Protein conducting channel secY/secG/secE complex
Methanococcus jannaschii (archaea)
A conserved heterotrimeric membrane protein complex, called the Sec61 complex in eukaryotes and SecY complex in eubacteria and archaea, forms a protein-conducting channel, which allows polypeptides to be transferred across or integrated into membranes. The channel itself is a passive conduit for polypeptides and must therefore associate with other components that provide a driving force. In co-translational translocation, the major partner is the ribosome. The elongating polypeptide chain moves directly from the ribosome into the associated membrane channel. The energy for translocation comes from GTP hydrolysis during translation. Many (or perhaps all) cells also have post-translational translocation, in which polypeptides are completed in the cytosol and then transported across the membrane. In yeast, the post-translational translation partners are another membrane protein complex (the tetrameric Sec62/63p complex) and the lumenal protein BiP, member of the Hsp70 family of ATPases. BiP promotes translocation by acting as a molecular ratchet, preventing the polypeptide chain from sliding back into the cytosol. In the eubacterial post-translocational pathway, the cytosolic ATPase SecA pushes polypeptides through the channel.
The crystal structure of the complex from Methanococcus jannaschii was determined at a resolution of 3.2 angstrom. The structure suggests that one copy of the heterotrimer serves as a functional translocation channel. The alpha subunits (secYs) and gamma subunits (secEs) show significant sequence conservation and are required for cell viability, while the beta subunits (secGs) are not essential for cell viability. The alpha-subunit forms the channel pore and has two linked halves, transmembrane segments 1-5 and 6-10, that are clamped together by the gamma-subunit. A cytoplasmic funnel leading into the channel is plugged by a short helix. Plug displacement can open the channel into an 'hourglass' shape with a ring of hydrophobic residues at its constriction. This ring forms a seal around the translocating polypeptide, which hinders the permeation of other molecules. The structure also suggests mechanisms for signal-sequence recognition and for the lateral exit of transmembrane segments of nascent membrane proteins into lipid, and indicates binding sites for partners that provide the driving force for translocation.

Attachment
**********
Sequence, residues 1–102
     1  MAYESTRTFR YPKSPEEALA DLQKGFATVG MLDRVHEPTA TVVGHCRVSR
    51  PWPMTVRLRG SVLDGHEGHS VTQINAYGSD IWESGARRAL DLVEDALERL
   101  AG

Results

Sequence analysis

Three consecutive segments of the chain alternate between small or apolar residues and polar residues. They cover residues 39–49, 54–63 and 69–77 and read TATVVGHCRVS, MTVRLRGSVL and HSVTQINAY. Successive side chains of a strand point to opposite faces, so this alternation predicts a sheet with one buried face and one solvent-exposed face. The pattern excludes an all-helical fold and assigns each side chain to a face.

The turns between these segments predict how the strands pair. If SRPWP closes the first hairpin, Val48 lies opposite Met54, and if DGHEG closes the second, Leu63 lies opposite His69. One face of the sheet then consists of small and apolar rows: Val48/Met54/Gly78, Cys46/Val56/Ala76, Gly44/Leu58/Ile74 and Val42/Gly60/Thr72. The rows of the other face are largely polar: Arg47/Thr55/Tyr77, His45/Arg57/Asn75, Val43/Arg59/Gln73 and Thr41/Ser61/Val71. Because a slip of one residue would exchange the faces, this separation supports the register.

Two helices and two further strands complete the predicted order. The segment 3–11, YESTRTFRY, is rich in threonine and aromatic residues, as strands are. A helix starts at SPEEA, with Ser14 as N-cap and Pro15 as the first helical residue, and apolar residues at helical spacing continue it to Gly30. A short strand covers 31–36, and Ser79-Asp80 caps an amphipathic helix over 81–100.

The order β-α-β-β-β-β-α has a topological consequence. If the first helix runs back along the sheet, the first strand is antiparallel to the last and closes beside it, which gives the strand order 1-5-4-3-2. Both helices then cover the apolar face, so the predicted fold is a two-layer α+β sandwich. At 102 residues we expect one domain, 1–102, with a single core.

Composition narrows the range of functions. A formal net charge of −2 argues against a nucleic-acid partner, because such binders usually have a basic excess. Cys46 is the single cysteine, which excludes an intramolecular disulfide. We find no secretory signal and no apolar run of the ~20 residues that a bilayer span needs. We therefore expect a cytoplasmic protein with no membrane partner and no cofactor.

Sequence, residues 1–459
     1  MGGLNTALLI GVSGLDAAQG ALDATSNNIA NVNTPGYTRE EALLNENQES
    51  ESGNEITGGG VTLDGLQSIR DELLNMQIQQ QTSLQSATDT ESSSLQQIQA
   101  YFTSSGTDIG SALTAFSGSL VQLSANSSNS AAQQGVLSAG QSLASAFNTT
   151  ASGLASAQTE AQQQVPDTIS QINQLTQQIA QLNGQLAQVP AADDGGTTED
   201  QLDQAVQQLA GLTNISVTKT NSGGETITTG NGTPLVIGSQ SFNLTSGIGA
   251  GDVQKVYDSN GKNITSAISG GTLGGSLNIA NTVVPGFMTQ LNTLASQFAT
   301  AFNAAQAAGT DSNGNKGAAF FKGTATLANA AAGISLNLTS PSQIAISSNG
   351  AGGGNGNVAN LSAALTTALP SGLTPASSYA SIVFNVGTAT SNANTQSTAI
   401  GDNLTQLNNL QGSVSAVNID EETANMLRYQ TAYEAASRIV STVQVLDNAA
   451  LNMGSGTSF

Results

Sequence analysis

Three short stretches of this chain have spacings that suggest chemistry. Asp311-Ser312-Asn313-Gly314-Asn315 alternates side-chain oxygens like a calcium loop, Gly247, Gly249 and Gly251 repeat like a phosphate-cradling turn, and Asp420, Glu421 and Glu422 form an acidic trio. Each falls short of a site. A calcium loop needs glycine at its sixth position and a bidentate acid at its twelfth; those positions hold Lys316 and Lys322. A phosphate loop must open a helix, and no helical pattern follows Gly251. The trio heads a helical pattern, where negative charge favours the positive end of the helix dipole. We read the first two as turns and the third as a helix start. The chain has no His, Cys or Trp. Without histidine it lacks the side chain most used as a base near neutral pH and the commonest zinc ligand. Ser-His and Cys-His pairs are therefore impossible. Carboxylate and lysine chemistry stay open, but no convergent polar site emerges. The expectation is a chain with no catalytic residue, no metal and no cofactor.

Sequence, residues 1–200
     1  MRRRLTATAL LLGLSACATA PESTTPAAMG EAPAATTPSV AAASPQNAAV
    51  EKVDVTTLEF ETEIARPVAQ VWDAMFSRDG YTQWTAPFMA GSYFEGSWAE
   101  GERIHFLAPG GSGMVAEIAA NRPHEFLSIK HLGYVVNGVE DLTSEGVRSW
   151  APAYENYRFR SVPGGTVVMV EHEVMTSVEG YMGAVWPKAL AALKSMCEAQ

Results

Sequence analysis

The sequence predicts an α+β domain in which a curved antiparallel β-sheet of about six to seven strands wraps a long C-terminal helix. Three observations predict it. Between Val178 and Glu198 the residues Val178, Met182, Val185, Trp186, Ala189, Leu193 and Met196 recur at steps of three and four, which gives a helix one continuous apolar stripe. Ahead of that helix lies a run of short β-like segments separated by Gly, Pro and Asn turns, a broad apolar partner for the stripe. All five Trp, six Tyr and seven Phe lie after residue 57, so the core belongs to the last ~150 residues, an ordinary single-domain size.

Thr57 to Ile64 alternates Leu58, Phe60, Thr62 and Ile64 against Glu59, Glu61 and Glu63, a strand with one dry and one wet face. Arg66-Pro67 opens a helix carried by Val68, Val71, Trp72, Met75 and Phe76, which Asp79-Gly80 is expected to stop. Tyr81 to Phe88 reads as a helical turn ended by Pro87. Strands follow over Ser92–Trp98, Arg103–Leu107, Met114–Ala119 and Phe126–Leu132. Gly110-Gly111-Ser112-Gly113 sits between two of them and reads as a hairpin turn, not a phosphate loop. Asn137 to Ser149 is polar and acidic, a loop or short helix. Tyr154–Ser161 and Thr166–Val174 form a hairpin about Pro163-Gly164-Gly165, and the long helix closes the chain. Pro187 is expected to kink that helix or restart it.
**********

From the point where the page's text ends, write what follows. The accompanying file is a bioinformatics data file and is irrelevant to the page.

Protein Data Bank (PDB)
author: Naoyuki Miyazaki